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Thursday, 17 April 2014

Difference between inflation and the stable measuring unit assumption

Difference between inflation and the stable measuring unit assumption

Almost no-one understands the difference between the inflation and the stable measuring unit assumption.

DEFINITION

Inflation is a sustained increase in the general price level over time.  

Inflation results in a decrease in the real value of ONLY money and other monetary items over time. Inflation has NO effect on the real value of non-monetary items over time. Inflation can only affect the real value of monetary items - nothing else. 

DEFINITION

Monetary items constitute the money supply.

DEFINITION

Non-monetary items are all items that are not monetary items.

DEFINITION

The stable measuring unit assumption is the ASSUMPTION made by ONLY historical cost accountants that changes in the purchasing power of money are not sufficiently important to require: 

(i) inflation-indexing all monetary items in terms of all changes in the general price level, that is to say, at least daily and 

(2) the measurement of all constant real value non-monetary items in units of constant purchasing power in terms of all changes in the general price level, that is to say, at least daily.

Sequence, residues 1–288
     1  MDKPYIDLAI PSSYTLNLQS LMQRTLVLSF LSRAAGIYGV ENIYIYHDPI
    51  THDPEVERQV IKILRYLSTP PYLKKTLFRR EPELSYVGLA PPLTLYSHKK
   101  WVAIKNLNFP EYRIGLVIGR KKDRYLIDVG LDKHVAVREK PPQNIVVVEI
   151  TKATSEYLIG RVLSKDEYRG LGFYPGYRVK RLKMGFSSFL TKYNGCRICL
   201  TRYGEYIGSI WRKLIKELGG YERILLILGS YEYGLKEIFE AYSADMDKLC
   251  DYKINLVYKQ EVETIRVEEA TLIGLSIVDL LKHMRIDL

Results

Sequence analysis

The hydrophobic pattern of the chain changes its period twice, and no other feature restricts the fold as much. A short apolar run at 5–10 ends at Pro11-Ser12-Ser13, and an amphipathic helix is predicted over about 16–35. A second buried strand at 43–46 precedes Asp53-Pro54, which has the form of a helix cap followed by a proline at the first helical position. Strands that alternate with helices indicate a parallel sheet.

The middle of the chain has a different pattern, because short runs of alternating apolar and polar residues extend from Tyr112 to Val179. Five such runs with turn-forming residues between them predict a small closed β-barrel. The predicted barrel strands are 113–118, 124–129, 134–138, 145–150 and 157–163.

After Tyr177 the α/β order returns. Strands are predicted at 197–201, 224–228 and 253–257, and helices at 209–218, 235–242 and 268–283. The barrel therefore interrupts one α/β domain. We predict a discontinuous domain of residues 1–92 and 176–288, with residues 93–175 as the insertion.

SUMMARY

Under the stable measuring unit assumption it is ASSUMED  that money is
PERFECTLY STABLE over time at ALL levels of inflation and deflation.

The ASSUMPTION that money is PERFECTLY STABLE over time at ALL levels of inflation and deflation is obviously completely wrong.

So, what is the difference between inflation and the stable measuring unit assumption? 

The difference is that inflation only erodes the real value of monetary items over time and that the constant purchasing power (real value) of constant real value non-monetary items is eroded, not by inflation, but by the stable monetary unit assumption over time during inflation.

Thus, the real value of monetary items is eroded by inflation while the real value of constant real value non-monetary items is eroded by the stable measuring unit assumption, i.e., by the use of the traditional Historical Cost Accounting model. 

Most accountants and economists (as well as people in general) mistakenly believe that inflation erodes the real value of companies´ capital and retained profits while it is actually an impossibility: inflation can only affect the real value of monetary items - nothing else. Inflation has no effect on the real value of non-monetary items. The real value of constant real value non-monetary items is eroded by the use of the stable measuring unit assumption, i.e., by the use of the traditional Historical Cost Accounting model. 

Nicolaas Smith 

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